“Inside the Investor’s Brain”--little by little, I’m rewiring mine

Discussion in 'Psychology' started by riskette, Jul 30, 2007.

  1. riskette

    riskette

    There’s an old French adage—“little by little, the bird builds his nest.” I didn’t want to believe my mentors when they told me that it would take years to learn to trade. 3 years later, I believe it. Armed with a good plan, high probability methodology and indicators, I still often find myself succumbing to emotion and impulsivity. I’ve tried becoming emotionless and robotic—doesn’t work. Now I’m working on recognizing, managing and redirecting my emotions, instead of suppressing them--and it looks like there may be hope.

    In his book “Inside the Investor’s Brain,” psychiatrist Richard Peterson says that the brain is capable of neuroplasticity, or “neuronal resculpting.” Apparently, the brain’s neurons actually change and grow new connections becoming physically larger in the area controlling the new activity. Peterson says “Such extensive neural networking occurs over time, due to practice and concentrated use.” So now, day by day, I try to stay in tune with what I am feeling, and whether I am following my methodology or not. If I’m not trading according to plan, I try to stop trading and analyze what I am doing and why.

    Maybe someday I’ll go beyond just emotional awareness and actually use it as an indicator in itself. Peterson: “Traders such as ‘Stock Market Wizard’ Mark D. Cook have learned to use emotional awareness and self-discipline to their advantage. Cook is considered one of the most successful short-term traders in history. Cook remarks, ‘Whenever I am most fearful of the market that emotion helps me decide to go long and buy…Whenever my fears become overwhelming, my discipline tells me to buy and discipline must win out or you are doomed to failure.’”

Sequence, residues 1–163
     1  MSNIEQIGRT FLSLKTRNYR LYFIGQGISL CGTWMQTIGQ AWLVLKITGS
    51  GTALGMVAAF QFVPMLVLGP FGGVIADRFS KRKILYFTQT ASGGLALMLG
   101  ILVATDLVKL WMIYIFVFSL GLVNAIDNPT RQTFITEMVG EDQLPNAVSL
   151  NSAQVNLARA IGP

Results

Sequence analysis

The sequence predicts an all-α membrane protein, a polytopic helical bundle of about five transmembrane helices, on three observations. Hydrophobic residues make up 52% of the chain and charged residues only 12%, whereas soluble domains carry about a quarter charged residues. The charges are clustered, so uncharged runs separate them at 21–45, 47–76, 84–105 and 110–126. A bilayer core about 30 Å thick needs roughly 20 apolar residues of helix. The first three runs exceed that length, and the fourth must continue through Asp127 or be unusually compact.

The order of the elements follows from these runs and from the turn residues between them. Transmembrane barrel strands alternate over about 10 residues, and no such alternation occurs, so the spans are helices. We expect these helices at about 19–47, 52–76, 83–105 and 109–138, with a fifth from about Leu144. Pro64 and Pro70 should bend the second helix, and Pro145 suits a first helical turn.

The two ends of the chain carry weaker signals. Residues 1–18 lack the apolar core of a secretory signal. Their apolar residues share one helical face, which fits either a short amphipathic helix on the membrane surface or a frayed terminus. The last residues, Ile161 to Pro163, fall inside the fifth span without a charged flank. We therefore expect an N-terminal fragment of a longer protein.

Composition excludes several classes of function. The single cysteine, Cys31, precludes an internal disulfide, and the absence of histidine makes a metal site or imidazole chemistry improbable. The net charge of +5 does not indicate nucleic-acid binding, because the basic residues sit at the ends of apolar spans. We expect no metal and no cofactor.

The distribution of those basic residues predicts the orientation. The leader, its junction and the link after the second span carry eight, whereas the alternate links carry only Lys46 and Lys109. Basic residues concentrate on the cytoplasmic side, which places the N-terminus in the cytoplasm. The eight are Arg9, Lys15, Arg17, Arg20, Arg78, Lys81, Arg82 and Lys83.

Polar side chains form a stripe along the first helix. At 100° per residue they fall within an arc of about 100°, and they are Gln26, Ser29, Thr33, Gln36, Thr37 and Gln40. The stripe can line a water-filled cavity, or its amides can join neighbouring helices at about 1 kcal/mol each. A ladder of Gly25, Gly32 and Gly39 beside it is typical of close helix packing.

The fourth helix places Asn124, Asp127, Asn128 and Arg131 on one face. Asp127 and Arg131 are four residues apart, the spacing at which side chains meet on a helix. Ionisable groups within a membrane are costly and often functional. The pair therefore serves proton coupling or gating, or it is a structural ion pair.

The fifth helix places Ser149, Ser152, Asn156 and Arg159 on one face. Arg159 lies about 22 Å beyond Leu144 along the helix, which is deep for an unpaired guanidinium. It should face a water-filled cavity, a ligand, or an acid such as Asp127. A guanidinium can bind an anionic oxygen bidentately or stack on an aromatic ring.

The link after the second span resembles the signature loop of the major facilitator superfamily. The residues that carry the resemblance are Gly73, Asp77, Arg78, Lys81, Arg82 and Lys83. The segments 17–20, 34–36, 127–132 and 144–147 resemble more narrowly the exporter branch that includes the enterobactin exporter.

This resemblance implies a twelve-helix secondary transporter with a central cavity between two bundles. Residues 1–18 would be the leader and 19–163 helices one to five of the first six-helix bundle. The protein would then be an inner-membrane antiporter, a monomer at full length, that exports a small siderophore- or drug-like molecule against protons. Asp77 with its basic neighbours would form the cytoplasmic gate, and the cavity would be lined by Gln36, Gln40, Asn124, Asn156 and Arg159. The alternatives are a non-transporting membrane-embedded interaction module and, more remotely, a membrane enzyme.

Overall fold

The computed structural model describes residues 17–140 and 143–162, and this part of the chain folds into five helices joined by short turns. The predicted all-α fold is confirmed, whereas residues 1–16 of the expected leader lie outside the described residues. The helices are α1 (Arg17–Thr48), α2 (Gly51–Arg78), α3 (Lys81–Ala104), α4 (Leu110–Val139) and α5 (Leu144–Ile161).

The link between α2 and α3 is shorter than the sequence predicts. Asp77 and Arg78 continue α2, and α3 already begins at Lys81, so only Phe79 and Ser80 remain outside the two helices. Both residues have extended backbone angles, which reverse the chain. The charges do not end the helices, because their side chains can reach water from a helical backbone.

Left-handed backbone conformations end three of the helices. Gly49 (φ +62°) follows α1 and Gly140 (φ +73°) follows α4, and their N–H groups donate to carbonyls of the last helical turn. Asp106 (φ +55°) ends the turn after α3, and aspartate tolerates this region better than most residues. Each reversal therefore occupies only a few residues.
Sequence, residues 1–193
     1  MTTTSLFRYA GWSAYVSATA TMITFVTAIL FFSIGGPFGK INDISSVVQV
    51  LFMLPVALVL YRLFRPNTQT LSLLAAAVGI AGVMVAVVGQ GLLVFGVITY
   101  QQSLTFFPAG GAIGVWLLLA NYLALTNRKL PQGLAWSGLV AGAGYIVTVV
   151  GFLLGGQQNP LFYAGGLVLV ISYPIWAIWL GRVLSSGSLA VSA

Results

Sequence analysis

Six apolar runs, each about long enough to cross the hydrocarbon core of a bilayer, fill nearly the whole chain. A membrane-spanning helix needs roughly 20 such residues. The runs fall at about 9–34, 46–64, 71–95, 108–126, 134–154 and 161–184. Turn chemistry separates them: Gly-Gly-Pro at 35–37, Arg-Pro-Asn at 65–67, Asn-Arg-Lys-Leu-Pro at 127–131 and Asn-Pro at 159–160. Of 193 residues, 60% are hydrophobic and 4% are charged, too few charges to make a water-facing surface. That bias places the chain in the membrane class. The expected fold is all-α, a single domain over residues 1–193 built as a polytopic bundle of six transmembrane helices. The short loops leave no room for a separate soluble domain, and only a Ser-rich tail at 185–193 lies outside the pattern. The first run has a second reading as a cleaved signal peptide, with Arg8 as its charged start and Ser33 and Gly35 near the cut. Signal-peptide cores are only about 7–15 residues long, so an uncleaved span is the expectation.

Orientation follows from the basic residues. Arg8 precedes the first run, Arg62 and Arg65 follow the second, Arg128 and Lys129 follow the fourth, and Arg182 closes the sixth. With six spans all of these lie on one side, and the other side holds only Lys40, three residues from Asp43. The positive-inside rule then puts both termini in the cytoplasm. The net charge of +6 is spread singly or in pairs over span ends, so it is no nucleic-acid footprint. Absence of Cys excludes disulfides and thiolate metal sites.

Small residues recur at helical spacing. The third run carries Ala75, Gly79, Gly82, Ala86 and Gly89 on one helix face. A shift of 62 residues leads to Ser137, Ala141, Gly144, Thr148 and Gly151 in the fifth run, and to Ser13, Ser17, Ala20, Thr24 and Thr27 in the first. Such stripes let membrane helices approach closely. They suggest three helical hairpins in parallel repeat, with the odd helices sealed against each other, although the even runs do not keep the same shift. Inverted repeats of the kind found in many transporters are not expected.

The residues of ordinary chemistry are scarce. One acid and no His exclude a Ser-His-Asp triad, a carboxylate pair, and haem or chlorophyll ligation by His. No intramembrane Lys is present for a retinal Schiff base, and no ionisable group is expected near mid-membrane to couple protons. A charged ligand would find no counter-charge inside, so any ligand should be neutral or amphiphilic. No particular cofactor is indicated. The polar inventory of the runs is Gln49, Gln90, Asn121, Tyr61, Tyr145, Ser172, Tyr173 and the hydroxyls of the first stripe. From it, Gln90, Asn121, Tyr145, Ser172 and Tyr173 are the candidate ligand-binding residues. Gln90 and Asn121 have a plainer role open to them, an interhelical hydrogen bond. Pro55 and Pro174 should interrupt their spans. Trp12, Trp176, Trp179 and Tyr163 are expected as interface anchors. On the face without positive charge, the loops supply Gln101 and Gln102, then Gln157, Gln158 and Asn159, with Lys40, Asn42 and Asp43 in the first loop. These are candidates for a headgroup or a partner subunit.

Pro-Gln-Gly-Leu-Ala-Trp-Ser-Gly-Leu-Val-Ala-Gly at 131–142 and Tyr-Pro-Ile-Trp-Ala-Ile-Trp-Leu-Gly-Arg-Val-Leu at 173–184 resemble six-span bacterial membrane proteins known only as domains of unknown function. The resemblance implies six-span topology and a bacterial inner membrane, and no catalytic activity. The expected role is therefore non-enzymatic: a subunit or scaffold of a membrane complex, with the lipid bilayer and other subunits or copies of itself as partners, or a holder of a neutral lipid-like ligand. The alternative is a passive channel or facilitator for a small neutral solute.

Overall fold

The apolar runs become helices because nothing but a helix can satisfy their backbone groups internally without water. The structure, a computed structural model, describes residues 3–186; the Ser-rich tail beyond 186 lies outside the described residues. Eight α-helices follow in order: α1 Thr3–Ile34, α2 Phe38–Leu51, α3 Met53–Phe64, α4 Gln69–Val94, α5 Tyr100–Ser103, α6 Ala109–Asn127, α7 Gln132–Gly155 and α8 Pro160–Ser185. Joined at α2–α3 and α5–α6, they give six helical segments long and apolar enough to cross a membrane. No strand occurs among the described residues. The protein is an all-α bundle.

2. dont

    dont

    Discipline is very very important.
    Everything else you say also makes sense.
     
  3. What if: The reason for continued impulsivity/emotions are because the plan does not reduce your emotions or impulsivity.

    "I’ve tried becoming emotionless and robotic—doesn't’t work."

    Then the plan should do it for you or reduce what you feel.

    Confidence can reduce emotions. Knowledge can reduce emotions. Trust in your indicators can reduce emotions. May not be a case of suppressing but recognizing and satisfying them. What if sometimes your emotions are correct how can you reconcile that with your plan.

    What if you had an emotional reaction repeatedly to a particle of truth that in hindsight should become part of your plan? Then the emotions are not a bad thing, they could become discovery. Just kicking around some ideas to work with the enemy, so to speak.
     
  4. kwtrade

    kwtrade

    This is one reason I'm trying my hand at trading. Research shows that learnng new skills helps an adult brain prevent memory loss diseases.
     
  5. kwtrade, PMed you
     
  6. nkhoi

    nkhoi Moderator

    I hope it doesn't take another 3 years for you to realize not all emotions are bad.